2016 Day Wines, Momtazi Vineyard, McMinnville-Willamette Valley – There was a larger than usual contingent of Oregon wineries at 2019 WOPN; and for me, this bottling stood out among the numerous outstanding Oregonians for its star-bright bluish dark red color and intense, compact, black cherry/sweet woodsy (bark and needles) nose with a sense of immensity and concentration, notwithstanding a zesty/edgy, compact and focused feel to a medium weight body, finishing with a notable tweak of coffee roast/burnt leaf savoriness that seemed to be more fruit than oak/toast related.

While winemaker/partner Brianne Day generally finds McMinnville AVA Pinot noirs to be “darker and bigger in style than other areas of Willamette Valley,” she tends to find “a common thread of pretty, sweet herb aromatics and a dark, savage fruit component” in those of the biodynamically farmed Momtazi Vineyard. Hence, says Day, “I am especially light handed when handling the fruit – I think this accentuates the aromatics, which I find quite compelling.”

Momtazi Vineyard in Willamette Valley's McMinnville AVA

Pinot noir, contends Day, “can be balanced at 12% alcohol or 14% alcohol.” Accordingly, partial whole cluster (30% in the 2016 Momtazi), gentle cap management (“to avoid over-extracting”), and relative cool fermentation temperatures (“to retain aromatics”) are part of her approach, although “no two wines are made identically.” For Day, “native yeast is a number one thing a winemaker can do to make a site-expressive wine,” and cooperage (20% new oak at the most) generally involves 4-10-year-old barrels (“I want the majority of the barrels that I use to be a breathing élevage vessel without inputting wood flavor or tannin”).

Day picks on acids and ripeness levels, telling us: “I don't believe that hang time is a good thing – it gives time for the fruit's acids to diminish and for the fruit to become overripe... fruit is ripe, literally, when birds will eat it, since the function of the grape is to propagate a vine, and the acid sack that surrounds the seed has to be present for the seed to pass through a bird's digestive track... This is far more important and relevant to me than walking through a vineyard and seeing if fruit tastes good.”

Norm Yost with Flying Goat partner Kate Griffith


2015 Flying Goat Cellars, Dierberg Vineyard, Santa Maria Valley – From a deceptively brick-red robe, a billowing, luxuriously floral nose encapsulating a spiced strawberry perfume; the high toned qualities following through in a zesty, finely etched palate feel, combining sensations of generosity with lightness and delicacy defying a full scaled (14.8% alcohol) body.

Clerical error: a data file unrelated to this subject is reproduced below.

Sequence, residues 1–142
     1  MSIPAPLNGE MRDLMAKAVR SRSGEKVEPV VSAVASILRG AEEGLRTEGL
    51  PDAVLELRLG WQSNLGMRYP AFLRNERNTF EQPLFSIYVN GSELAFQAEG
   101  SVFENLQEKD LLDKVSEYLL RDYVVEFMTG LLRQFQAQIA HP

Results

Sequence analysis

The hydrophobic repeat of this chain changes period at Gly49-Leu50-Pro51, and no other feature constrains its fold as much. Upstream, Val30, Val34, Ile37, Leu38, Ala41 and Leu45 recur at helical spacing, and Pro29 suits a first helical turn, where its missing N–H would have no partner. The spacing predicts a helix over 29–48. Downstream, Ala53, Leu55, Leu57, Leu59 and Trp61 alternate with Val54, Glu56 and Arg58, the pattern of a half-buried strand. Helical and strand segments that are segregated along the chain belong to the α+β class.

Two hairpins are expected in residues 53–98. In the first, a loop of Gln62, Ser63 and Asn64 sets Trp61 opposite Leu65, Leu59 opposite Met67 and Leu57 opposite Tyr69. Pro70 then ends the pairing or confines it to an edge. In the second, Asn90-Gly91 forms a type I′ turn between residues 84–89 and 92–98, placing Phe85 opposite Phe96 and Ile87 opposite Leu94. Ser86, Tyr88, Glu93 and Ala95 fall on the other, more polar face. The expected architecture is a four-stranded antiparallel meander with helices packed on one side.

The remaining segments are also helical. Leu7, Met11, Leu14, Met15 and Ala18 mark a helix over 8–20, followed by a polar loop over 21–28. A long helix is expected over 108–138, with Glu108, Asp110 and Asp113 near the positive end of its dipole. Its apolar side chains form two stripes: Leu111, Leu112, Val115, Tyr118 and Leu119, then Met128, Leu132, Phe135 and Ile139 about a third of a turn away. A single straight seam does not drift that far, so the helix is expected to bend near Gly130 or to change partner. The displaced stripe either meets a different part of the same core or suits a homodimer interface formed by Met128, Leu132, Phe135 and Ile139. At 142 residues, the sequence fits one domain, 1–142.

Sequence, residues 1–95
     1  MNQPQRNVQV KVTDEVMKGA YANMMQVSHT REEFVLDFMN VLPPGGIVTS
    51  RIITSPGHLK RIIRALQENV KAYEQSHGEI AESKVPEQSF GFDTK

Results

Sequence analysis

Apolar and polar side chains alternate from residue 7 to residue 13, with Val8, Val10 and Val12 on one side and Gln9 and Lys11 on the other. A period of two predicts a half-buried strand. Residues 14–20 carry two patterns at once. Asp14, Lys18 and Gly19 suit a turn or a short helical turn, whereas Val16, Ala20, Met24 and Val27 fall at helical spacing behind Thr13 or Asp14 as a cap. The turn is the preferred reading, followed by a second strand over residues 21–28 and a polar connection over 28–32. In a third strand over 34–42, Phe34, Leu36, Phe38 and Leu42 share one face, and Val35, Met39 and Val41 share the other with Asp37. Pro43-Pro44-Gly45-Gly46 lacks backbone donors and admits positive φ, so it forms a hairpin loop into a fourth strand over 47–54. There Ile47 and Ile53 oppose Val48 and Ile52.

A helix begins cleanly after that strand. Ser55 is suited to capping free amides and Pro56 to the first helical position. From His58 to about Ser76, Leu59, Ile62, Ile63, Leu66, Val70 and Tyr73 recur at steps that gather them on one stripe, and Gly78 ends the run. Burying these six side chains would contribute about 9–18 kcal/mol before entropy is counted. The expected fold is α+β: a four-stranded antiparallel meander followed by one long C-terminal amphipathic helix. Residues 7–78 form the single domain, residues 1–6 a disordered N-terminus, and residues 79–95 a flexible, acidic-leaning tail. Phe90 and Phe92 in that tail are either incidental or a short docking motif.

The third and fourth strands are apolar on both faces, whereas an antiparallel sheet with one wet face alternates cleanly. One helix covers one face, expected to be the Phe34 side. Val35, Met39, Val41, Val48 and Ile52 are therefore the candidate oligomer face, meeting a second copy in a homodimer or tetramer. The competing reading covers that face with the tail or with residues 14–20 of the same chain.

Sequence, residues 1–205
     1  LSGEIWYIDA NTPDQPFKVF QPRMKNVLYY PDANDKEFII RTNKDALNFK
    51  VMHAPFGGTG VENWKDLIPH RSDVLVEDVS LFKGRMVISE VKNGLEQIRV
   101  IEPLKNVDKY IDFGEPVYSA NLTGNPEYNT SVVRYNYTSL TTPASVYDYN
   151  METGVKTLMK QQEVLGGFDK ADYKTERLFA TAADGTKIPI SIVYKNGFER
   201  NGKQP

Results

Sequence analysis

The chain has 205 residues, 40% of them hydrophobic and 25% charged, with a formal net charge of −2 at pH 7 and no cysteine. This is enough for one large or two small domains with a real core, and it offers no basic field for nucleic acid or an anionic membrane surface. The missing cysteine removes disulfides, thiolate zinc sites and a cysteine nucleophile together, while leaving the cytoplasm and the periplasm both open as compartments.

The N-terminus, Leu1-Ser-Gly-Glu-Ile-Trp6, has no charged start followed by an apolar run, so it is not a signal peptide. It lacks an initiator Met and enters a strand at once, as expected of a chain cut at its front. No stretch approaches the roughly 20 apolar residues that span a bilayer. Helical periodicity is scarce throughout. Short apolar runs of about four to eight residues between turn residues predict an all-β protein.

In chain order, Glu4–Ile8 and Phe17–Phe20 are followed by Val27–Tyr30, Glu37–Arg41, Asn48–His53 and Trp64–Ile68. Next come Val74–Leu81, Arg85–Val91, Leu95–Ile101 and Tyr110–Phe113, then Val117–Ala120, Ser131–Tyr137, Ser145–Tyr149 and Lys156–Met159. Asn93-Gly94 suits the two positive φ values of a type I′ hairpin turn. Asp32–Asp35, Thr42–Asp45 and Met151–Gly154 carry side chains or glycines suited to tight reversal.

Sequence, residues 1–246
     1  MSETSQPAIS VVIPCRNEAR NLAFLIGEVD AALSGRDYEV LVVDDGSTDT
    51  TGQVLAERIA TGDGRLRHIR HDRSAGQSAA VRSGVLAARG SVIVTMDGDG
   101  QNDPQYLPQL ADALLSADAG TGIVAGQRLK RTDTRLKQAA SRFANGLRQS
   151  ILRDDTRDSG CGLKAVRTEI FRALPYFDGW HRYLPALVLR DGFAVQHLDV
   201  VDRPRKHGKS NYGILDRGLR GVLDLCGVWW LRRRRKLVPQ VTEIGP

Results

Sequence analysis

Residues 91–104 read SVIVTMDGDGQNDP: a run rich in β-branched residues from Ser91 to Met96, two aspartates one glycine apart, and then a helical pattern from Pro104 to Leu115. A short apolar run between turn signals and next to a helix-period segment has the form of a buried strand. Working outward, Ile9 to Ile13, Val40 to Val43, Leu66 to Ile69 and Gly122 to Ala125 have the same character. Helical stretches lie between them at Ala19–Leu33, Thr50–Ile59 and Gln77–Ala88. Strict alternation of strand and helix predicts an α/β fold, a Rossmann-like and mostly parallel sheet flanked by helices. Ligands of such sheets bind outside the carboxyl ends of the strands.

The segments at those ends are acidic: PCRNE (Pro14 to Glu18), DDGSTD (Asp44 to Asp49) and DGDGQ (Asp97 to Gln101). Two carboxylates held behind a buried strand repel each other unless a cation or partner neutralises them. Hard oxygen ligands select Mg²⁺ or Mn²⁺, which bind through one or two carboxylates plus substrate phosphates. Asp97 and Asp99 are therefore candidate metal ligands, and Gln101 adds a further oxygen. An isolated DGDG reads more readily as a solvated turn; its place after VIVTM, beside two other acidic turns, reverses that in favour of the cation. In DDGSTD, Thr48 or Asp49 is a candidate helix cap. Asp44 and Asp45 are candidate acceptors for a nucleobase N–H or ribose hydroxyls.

Flying Goat owner/winemaker Norm Yost cites distinctive qualities of Dierberg, which stands out in comparison to other Santa Maria Valley vineyards, most of which Yost has been working with for some 20 years. “A Dierberg’s primary aromas are black cherry and raspberry, but you also often find some leather, clove and allspice; and on the palate, this can come out in layers of jammy fruit, spice and plums.” 

For Yost, the big concern in 2015 was dehydration and overripeness from a dry winter and warm season, which was mitigated by timely irrigation. “Typically, I look at seed maturity as a ripening parameter,” says Yost, “but in 2015 I decided to overlook this parameter due to the extreme heat conditions. Although our 2015 Dierberg hit 14.8% alcohol, I believe it’s balanced and has a beautiful expression of terroir.”
Yost typically “cold-macerates” for up to 3 days in 1.5-ton fermenters, and he inoculates with RC212, “known for producing bright fruit, berry and spice characteristics with good tannin structure.” He prefers Rousseau and Cadus barrels (25% new) “because both of these cooperages fit my winemaking style by not overpowering the wines, allowing me to leave it on the gross lees for as long possible – I feel this preserves the flavors of the site and gives the wine more texture.”


Gary Farrell winemaker Theresa Heredia in Rochioli Vineyard (Russian River Valley's Middle Reach)

2016 Gary Farrell Winery, Rochioli Vineyard, Russian River Valley – Huge doses of black pepper/peppermint spice – definitely the spiciest Pinot noir bottling experienced over the weekend – inundate a red fruit perfume (raspberry veering towards cherry/strawberry) with both floral (rose petal) and woodsy (forest floor) facets, followed up by just as much layering on the palate – pinpoint-sharp, lively, fine, silky sensations, intense, long, titillating.
While Rochioli stands as one of the titular growths of Russian River Valley’s long venerated Middle Reach, this “neighborhood,” as Gary Farrell winemaker Theresa Heredia reminds us, “is not all the same... the cobbly, riverbed soil of Rochioli, for instance, gives beautifully pure, red fruit scented Pinot noir, whereas the finer, silty Yolo series soil in Allen Vineyard just across the road gives more savory, earthier, often exotically spiced Pinot noirs” (explaining why the winery also combines the contrasting profiles by producing a Rochioli-Allen Vineyard Pinot noir). But when a pure expression of Rochioli is executed to such perfection – heightened by the laudably disciplined focus and restraint Heredia appears to have brought to this vaunted brand – one cannot help but being wowed by this single vineyard rendering as one of the purest expression of Russian River Valley Pinot noir to be found.